As I got older, my interest in cars temporarily subsided, and an interest in geography took its place. One fall day in 2002, I was lying on a bean bag that my teacher had in the class, reading an atlas. I may not have been doing the same assignment the other students were doing, but I was memorizing names of countries, cities, and geographical features. I took particular interest in the Arctic regions.
I learned that there was something called a “National Geographic Bee” open to 4th through 8th graders, and it was my dream to do well in it. “What if I could beat everyone in my whole school?” I thought. The classroom Geo Bees were done first. The whole class stood up at their desks, and each student was asked a question. If you missed a question, you had to sit down. After a few questions, I was the last man standing. “Piece of cake,” I thought.
The school bee came one cold day a couple of weeks before Christmas 2002. The class bee winners were given a set of eight questions, and whoever got the most right would get to take a test to go to the state bee. Again, I won by a long shot and found the bee to be easy.
In early 2003, I was given the written test, which was used to whittle the school winners down to 100 students that would get to go to the state bee. As I sat down in the quiet, drably decorated school office, I was very nervous, knowing that there were thousands of schools in Tennessee that participated and, thus, I would have to be in the top few percent. In addition to that, I was just in 4th grade – I figured that the best students would be 7th and 8th graders. After the test, I knew I had gotten quite a few questions wrong and thought I was done.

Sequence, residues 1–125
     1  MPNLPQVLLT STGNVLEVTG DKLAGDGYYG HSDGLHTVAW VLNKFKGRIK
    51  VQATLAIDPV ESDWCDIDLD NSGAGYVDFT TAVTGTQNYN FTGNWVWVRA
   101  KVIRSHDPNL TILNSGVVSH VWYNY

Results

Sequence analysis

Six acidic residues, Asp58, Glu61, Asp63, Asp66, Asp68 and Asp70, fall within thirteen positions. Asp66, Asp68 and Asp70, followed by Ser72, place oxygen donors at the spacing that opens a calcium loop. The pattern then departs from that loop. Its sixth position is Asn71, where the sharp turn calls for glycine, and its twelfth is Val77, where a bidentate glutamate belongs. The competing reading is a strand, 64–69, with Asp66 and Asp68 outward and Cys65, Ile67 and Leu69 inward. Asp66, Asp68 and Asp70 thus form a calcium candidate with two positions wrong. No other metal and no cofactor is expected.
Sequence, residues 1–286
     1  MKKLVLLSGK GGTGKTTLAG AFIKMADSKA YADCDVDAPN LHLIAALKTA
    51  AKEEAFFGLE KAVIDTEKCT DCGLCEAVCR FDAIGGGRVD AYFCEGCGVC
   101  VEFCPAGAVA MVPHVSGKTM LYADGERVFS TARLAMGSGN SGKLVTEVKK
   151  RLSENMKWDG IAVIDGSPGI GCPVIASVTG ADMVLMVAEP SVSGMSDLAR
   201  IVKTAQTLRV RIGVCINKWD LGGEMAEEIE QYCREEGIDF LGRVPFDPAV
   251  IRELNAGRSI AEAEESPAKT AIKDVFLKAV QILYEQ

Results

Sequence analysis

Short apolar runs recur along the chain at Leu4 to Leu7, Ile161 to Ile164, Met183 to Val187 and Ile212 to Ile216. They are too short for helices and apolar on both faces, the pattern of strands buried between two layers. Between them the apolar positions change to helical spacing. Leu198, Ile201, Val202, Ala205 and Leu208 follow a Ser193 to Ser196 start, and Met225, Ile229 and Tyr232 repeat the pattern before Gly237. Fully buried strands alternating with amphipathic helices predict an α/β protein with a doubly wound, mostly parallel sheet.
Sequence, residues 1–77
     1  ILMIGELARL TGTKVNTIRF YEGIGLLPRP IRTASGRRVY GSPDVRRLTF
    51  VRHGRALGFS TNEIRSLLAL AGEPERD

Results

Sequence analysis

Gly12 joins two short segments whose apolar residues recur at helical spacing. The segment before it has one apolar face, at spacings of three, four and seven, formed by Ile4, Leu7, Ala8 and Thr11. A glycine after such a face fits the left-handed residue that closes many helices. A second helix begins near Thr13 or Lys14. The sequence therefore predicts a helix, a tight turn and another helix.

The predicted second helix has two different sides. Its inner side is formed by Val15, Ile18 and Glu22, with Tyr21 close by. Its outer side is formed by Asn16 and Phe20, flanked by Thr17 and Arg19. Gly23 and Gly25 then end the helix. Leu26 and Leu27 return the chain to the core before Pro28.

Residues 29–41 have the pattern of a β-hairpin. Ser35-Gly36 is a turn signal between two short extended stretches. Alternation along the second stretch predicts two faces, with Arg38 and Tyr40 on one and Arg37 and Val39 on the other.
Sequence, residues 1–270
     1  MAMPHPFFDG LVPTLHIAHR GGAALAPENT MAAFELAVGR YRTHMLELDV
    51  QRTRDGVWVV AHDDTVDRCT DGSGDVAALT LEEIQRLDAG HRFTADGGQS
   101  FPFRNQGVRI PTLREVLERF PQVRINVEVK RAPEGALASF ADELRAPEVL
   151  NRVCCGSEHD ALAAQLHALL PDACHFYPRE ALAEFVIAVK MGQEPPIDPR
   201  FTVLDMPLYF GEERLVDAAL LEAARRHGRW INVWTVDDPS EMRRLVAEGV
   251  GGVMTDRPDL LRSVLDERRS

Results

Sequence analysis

Pretty soon after, I was notified that I was going to the State Bee, which took place on Friday, April 4 at Pope John Paul II High School in Nashville. Entering the then-brand new high school, sweating due to nervousness and the unseasonably warm temperatures, I felt awe surging through my veins. The 100 students were split into groups of 20 each and went to different rooms; my group was in the auditorium, a grand room with red carpet which I would have never expected to see in a school. Again, it was eight questions; I got six correct, if I recall correctly. After these rounds, the 10 best scorers of the 100 students were sent on to a final round. The winner of this round would get to go to Washington, D.C., to compete in the national round.
After the scores were added up, I was informed that I was going to the final round with nine other students. It was in a brightly lit studio-like room. There were two rows of five students. The top row set a few feet above the bottom. We were each given a microphone and our name on a panel on the front of our table section. Next to the nine 7th and 8th graders, I was a little 4th grade kid, and I looked like it and my voice was a much higher pitch. We were all asked the same question and wrote down our responses; if we missed two questions total, we were out.
After I was eliminated, only three students remained, meaning that I scored fourth place. My picture was in the Tennessean the following Monday, April 7. I had taken my very specialized interest and made a very real accomplishment with it.